FROM Mitch Englander
LA's Mural Ordinance Murals are so much a part of LA’s cultural tradition that it’s called itself the Mural Capital of the World.” But murals have been banned in the city for more than a decade. On Friday, the City Council will consider two proposals to make them legal again. Version A would allow murals on single family houses, with a provision for neighborhood groups to ask their council member to opt out. Version B would not allow murals on single family houses at all.
Can LA Get a Handle on Medical Marijuana? Measures D , E and F on this month’s Los Angeles City ballot all deal with medical marijuana dispensaries. None of them is a ban, although the City Council tried that once and then back away due to public opposition. Instead, they all provide different arrangements for regulation. Saul Gonzalez, who has been out visiting dispensaries and/or clinics, has some history about medical marijuana.
The Debate Over Group Housing in LA Neighborhoods After 5 years of wrangling, the LA City Council is scheduled to vote soon on a proposed crack down against overcrowded group homes in single-family neighborhoods. In December, four people were murdered in a Northridge home where almost 20 had been living in squalid conditions. That’s given new life to a much-debated LA City Council proposal to crack down on unsafe, overcrowded group homes in residential neighborhoods. More than 40 homeowner groups and associations are supportive… but opponents say it will throw needy people into the street. Last month’s quadruple murder in Northridge may put it over the top. But critics call that a smokescreen for NIMBY homeowner groups that will close down legitimate, well-run facilities for the old, sick and disabled as well as parolees and recovering addicts.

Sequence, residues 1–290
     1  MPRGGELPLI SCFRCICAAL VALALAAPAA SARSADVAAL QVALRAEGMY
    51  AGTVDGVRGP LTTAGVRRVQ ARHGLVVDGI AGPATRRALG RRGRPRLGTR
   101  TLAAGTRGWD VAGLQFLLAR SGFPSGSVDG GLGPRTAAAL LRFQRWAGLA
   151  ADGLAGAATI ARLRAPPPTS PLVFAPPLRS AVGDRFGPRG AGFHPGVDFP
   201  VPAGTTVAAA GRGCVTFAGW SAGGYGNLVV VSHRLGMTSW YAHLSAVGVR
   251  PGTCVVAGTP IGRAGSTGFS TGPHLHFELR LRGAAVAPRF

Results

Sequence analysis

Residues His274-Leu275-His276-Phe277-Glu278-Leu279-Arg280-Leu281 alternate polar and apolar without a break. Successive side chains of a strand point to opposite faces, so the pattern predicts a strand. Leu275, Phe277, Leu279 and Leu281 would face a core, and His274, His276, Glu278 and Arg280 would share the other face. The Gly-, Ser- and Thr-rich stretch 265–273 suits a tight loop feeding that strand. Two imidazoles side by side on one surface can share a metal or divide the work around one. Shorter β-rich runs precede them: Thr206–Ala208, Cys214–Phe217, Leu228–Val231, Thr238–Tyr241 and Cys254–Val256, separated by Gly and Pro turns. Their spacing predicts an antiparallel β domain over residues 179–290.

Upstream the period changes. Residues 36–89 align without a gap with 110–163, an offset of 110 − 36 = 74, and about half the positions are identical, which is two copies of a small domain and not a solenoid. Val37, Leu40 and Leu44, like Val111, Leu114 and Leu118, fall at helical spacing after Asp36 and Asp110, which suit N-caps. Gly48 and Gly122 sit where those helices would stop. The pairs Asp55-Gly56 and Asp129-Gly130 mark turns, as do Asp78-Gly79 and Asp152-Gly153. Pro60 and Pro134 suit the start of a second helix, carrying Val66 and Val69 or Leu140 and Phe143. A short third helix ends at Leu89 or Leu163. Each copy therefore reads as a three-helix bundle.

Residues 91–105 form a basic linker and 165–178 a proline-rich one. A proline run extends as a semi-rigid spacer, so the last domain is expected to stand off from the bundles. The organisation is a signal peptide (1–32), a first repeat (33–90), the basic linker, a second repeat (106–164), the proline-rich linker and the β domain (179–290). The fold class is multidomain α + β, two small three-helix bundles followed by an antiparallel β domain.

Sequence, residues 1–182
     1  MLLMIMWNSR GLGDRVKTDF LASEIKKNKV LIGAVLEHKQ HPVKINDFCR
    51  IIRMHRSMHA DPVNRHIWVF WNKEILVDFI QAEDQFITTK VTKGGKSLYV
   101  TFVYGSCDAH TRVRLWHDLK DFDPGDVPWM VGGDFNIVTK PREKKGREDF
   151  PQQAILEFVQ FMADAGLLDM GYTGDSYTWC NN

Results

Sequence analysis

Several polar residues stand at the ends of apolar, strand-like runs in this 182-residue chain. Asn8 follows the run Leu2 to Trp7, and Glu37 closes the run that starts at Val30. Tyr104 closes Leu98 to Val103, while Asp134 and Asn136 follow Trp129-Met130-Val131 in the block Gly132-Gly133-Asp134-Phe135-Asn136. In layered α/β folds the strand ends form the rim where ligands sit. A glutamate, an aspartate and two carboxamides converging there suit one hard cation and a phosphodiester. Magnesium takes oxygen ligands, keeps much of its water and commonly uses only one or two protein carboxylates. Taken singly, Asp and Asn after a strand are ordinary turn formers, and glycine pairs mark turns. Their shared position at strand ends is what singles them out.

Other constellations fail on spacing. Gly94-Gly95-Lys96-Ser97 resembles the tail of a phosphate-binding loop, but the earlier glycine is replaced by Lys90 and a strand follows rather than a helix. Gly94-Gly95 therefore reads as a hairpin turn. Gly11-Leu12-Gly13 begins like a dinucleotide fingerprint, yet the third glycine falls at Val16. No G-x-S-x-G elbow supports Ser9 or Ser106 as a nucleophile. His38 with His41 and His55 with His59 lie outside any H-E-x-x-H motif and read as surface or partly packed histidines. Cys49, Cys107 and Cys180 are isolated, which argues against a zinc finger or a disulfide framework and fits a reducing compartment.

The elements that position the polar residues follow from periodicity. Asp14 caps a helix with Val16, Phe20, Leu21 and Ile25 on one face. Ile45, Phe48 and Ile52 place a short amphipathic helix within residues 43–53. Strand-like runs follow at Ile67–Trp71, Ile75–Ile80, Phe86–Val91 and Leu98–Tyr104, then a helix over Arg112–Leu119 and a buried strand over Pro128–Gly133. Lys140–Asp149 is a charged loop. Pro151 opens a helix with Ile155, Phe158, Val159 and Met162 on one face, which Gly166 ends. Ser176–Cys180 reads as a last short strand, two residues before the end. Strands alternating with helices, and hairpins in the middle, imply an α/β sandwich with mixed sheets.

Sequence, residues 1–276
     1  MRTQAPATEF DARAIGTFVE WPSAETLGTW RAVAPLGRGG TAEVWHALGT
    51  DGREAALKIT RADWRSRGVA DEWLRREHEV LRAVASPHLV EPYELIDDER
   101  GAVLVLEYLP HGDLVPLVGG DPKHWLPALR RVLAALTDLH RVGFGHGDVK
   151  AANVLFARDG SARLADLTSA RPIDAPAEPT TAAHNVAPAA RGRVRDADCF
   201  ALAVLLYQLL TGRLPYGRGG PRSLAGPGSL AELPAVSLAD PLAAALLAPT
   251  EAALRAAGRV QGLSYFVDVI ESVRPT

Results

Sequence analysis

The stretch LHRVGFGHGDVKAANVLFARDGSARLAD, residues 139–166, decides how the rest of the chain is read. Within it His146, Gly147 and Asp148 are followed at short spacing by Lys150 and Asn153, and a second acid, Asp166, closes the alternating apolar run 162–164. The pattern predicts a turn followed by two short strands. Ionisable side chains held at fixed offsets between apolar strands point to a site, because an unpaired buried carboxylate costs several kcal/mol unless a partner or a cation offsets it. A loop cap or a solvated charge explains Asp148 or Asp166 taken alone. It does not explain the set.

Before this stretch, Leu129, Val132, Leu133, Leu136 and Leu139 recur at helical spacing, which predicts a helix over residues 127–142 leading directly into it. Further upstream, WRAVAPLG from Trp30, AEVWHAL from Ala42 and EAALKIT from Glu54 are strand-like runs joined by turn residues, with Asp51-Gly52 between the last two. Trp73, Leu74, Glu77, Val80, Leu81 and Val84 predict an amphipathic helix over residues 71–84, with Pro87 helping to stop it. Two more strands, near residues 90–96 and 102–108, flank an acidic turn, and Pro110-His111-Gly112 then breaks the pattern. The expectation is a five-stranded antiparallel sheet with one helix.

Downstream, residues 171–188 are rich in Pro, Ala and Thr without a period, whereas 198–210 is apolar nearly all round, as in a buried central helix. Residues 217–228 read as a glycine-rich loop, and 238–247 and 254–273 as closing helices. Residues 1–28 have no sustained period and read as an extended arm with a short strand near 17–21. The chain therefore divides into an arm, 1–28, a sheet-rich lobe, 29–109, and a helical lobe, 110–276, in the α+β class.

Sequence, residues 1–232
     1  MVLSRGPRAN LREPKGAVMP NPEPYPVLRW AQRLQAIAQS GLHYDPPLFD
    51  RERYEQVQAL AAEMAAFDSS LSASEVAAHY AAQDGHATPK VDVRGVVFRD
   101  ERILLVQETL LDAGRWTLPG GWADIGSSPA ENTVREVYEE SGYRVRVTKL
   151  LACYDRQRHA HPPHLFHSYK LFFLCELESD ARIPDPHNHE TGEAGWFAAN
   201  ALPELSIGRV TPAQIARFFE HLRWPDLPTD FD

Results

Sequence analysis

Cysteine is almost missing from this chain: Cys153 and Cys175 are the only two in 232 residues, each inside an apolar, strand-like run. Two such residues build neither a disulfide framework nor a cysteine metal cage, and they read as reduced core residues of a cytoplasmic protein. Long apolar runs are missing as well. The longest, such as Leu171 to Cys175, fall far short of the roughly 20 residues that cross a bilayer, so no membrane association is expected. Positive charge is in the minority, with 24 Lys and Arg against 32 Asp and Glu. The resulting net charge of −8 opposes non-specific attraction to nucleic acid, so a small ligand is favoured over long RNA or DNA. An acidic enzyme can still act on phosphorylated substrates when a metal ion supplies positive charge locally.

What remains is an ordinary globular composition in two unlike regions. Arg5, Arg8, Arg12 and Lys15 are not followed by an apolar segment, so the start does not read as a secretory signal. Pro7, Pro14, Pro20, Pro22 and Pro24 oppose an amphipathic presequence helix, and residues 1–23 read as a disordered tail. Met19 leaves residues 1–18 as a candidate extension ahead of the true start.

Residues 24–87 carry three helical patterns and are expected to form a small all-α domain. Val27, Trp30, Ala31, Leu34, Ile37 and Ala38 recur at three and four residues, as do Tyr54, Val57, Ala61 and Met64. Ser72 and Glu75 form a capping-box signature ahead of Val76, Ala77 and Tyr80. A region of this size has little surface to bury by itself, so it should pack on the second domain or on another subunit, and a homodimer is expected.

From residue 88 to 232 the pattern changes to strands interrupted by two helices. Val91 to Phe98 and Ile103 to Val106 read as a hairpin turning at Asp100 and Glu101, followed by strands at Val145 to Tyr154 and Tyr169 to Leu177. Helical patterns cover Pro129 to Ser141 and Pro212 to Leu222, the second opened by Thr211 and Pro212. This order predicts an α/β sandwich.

Is America turning its back on the world? President Trump has made no secret of his contempt for the United Nations — and he's not alone. But, will proposed cuts in US contributions be counterproductive to America's role in the world and to national security?
The 'deconstruction' of the administrative state President Trump has failed to fill high-level positions in important agencies — and some people he has named want to phase out the agencies they're supposed to lead. We look at the possible consequences for delivering services and providing security — and at top aide Steve Bannon's plans for "deconstructing the administrative state."